The long lead-up to the release of Alfonso Cuaron’s Gravity was paved with plenty of whispers and rumors—verging on legend—about the nature of the secretive film.  Chief among them was talk of an extended, uninterrupted opening shot, and when audiences finally got a look at Gravity, indeed Cuaron had crafted a 13-minute uncut tracking shot to open the film.  The length is only the tip of the iceberg on this shot’s magnificence, though, as Cuaron lulls the audience into a sense of comfort and awe before sending us a jolt of adrenaline with the initial debris collision.  We’re there, in space, as we feel the intensity of the disaster at hand with the same confusion and terror that Sandra Bullock’s Ryan Stone is experiencing.  Now that’s filmmaking. – AC 

Hotel Room FightBefore Midnight


Quite possibly the unlikeliest trilogy in history, it had been nine years since audiences last caught up with Ethan Hawke’s Jesse and Julie Delpy’s Celine when director Richard Linklater released Before Midnight.  As we’re already invested in the relationship of these two from the previous films, the relationship issues that Jesse and Celine work out in Before Midnight are almost hard to watch—it’s a bit like watching Mommy and Daddy fight at the dinner table.  It all comes to a head in the hotel room scene an hour into the film, where Jesse and Celine launch into an extended fight that’s been brewing since the opening car ride.  The performances from Hawke and Delpy in the scene are fantastic, as the two range from passionate to depressed to angry in a matter of minutes.  But as nasty as things get, there’s never a moment when you don’t believe that these two truly love each other. –AC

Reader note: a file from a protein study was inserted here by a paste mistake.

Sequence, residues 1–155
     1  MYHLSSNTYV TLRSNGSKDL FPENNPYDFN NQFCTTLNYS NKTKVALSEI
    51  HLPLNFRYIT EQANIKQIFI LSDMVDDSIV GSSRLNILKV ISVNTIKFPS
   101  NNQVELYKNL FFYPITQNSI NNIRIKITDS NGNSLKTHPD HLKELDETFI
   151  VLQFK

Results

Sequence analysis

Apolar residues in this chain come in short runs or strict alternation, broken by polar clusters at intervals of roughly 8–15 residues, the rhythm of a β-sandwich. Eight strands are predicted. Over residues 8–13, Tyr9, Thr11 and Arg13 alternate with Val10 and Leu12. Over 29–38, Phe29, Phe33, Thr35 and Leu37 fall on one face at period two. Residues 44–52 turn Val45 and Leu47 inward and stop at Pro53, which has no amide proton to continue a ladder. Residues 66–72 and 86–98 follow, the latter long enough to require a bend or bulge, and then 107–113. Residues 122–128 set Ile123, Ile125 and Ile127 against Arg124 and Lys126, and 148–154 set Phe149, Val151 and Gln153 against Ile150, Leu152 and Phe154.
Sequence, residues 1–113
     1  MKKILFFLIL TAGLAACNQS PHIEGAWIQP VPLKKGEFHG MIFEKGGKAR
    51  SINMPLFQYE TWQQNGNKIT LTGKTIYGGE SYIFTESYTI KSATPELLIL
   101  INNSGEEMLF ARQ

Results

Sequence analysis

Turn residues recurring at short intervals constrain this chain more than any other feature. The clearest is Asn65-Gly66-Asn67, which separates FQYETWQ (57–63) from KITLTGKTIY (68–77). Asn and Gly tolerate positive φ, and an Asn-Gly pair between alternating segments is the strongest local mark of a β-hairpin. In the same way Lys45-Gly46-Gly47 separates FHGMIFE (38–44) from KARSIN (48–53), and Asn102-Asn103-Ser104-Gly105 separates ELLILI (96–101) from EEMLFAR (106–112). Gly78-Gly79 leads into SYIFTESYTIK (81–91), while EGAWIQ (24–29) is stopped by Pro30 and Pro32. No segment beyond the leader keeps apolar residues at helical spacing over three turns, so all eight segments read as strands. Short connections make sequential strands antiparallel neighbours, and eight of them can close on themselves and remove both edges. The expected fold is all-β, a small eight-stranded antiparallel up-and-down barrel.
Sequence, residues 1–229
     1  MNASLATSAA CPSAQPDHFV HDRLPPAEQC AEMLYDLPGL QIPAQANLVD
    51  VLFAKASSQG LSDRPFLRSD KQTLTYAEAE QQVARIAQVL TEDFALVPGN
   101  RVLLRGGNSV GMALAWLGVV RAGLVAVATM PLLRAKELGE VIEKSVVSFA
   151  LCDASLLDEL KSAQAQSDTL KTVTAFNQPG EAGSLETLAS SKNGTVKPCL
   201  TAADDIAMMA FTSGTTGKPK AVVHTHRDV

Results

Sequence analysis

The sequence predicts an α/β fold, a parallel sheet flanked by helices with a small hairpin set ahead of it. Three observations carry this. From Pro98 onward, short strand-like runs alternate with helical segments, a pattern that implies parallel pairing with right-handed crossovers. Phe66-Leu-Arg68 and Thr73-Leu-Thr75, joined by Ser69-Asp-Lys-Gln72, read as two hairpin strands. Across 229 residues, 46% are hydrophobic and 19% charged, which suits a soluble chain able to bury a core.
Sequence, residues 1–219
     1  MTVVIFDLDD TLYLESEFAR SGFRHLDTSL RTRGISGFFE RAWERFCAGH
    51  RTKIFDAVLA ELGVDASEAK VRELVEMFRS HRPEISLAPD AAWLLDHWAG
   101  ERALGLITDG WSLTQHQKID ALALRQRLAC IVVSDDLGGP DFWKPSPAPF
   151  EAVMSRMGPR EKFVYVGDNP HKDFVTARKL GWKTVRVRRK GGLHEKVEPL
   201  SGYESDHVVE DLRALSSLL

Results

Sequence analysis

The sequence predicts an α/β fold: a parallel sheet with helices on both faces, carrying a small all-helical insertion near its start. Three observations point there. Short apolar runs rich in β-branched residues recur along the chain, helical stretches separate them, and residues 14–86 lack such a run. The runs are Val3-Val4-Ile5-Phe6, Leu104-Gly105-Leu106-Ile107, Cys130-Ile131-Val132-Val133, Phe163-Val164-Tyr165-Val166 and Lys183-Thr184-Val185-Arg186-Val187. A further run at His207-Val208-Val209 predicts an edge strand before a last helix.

Bathroom BrawlThe World’s End


Though there have been plenty of hundred-million dollar blockbusters this year, the bathroom brawl sequence in Edgar Wright’s terrific The World’s End just might be the most impressive action sequence of 2013.  Wright has been crafting great action sequences for a while now, but the visceral and character-centric nature of this particular scene is a thing of beauty.  You feel every punch and head crack, but the key to the scene is that character rules all.  Wright’s long take style flows from actor to actor, and the way each behaves when confronted with the unruly teenage Blanks almost tells the audience more about the characters than any monologue ever could.  It also helps that the sequence is loads of fun. – AC

Solomon Sings “Roll Jordan Roll” 12 Years a Slave


It’s tough to pick just one memorable moment from 12 Years a Slave.  Director Steve McQueen’s deeply affecting drama is chock full of emotionally charged moments, but one of the most absolutely devastating scenes comes fairly late in the film.  After being kidnapped and forced into slavery, the free Solomon Northup has been living his life as a slave for a few years, but through all this time he’s maintained the tiniest glimmer of hope that this wrong will be righted.  And then, during a funeral for one of his fellow slaves on Edwin Epps’ plantation, the group begins to sing “Roll Jordan Roll”.  We see Solomon standing with the group, stone-faced, as they have now erupted into song, and Chiwetel Ejiofor plays the moment with this look of utter desperation and defeat as we see him relent and start singing along as well.  Solomon is accepting that this is his life now, he is a slave, and it’s utterly gut wrenching. – AC